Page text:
Sunscreen Office

Australia’s peak sun safety organisations have all agreed to change their policy on sunscreen after a major review of the most recent evidence was presented at a national summit.

The summit was hosted by QIMR Berghofer Research Institute in Brisbane in 2018. The guest list included representatives from the Australasian College of Dermatologists (ACD), the Cancer Council, the Australian Skin and Skin Cancer Research Centre (ASSC), the Therapeutic Goods Administration (TGA), the Melanoma Institute of Australia and more. The sunscreen industry was not invited, potentially because organisers wanted to protect the summit from bias.

The evidence was reviewed on the risks and benefits of sunscreen and sunscreen use in Australia. A report was published last week in the Australian and New Zealand Journal of Public Health that summed up the conclusions and announced a policy change on sunscreen use to which all of the attending organisations agreed.

The new official stance on sunscreen is that you should apply it every single day as part of your morning routine.

Previously, sun safety organisations in Australia told the public to apply sunscreen when planning to spend time outdoors, but the evidence suggests that more regular use is required.

According to the report, the problem is short but regular sun exposures from activities like walking to the bus stop or hanging out the washing. UVB rays damage the DNA in your skin cells. Your skin can repair some of the damage from minor exposure, but if you’re exposed to the sun again before the skin is repaired, it can cause further damage and cell mutations that could potentially lead to cancer.

In short, cumulative damage from small activities like waiting for the bus and walking from the office to the café at lunchtime can cause cumulative damage to your skin by the end of the day.

Before they agreed to the new official stance, sun safety authorities at the summit weighed in the potential risks and benefits of sunscreen. According to consumer surveys, only 36% of Australian adults wear sunscreen during regular weekend activities and grave misunderstanding often leads to unprotected UV exposure.

Some of the public’s concerns with sunscreen included dermatitis, vitamin D deficiencies, nanoparticles and hormone disruption and environmental concerns.

The evidence suggested that dermatitis (which appears as a red, itchy rash) affects 2% of sunscreen users. The effects can be managed by switching brands and there are no long term effects.

The conclusion on the vitamin D issue is that it makes sense in theory, but the evidence doesn’t hold up. In theory, by blocking the sun’s rays, sunscreen prevents your body’s ability to produce vitamin D. A systematic review of both experimental and field studies found that this wasn’t the case. Vitamin D levels are not any lower in people who use sunscreen regularly.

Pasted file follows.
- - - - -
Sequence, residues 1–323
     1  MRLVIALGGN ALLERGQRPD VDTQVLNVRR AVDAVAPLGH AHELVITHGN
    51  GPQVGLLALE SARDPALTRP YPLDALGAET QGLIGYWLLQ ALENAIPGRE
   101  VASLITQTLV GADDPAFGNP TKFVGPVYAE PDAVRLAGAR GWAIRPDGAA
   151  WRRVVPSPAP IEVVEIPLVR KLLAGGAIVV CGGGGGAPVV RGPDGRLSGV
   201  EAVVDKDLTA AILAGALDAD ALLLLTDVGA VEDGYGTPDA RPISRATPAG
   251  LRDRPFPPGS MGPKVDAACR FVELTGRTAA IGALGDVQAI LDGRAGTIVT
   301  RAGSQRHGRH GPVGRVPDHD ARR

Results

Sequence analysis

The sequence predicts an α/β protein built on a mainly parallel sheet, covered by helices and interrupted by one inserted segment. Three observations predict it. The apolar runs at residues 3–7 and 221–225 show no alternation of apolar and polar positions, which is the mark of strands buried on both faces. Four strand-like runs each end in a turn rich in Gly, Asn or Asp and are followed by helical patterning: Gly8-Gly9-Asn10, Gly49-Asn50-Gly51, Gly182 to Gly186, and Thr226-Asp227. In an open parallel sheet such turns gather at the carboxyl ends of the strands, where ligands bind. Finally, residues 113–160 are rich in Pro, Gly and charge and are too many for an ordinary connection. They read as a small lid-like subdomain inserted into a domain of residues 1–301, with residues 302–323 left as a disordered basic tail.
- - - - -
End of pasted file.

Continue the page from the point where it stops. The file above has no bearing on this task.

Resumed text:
The TGA presented their 2017 review on nanoparticles in sunscreens and concluded that they are not likely to cause harm. Nanoparticles from titanium and zinc aren’t absorbed any deeper than the top layer of your skin.

Studies on the link between sunscreen and hormones had inconsistent findings. Some studies found a small link between oxybenzone (a common ingredient in chemical sunscreens) and phenols in the body (phenols are a contaminant found in many personal care products that may act as endocrine disrupters in the body). These studies found no evidence of negative health outcomes from oxybenzone, but if you are concerned, there are many sunscreens that don’t contain oxybenzone or phenols.

Dr Garry Cussell, clinical director of Specialist Clinics of Australia recommends using a physical sunscreen that contains zinc and titanium. Chemical sunscreens with ingredients like oxybenzone work by absorbing UV rays so they don’t get absorbed into your skin. Zinc and titanium reflect the sun’s rays so they don’t get absorbed into your skin, he says.

The reviewers at the summit concluded that sunscreen is safe for everyday use. The evidence behind the protective benefits of sunscreen far outweigh the risks, they determined. Going forward, the official advice from all the major sun safety bodies in Australia will be to apply sunscreen every morning and use additional protection (such as hats and protective clothing) when planning activities outdoors.

It may seem like a trivial habit, but consider the fact that 1,500 Australians die every year from melanoma and another 600 die from Squamous Cell Carcinomas annually. A little addition to your morning routine could save your life.

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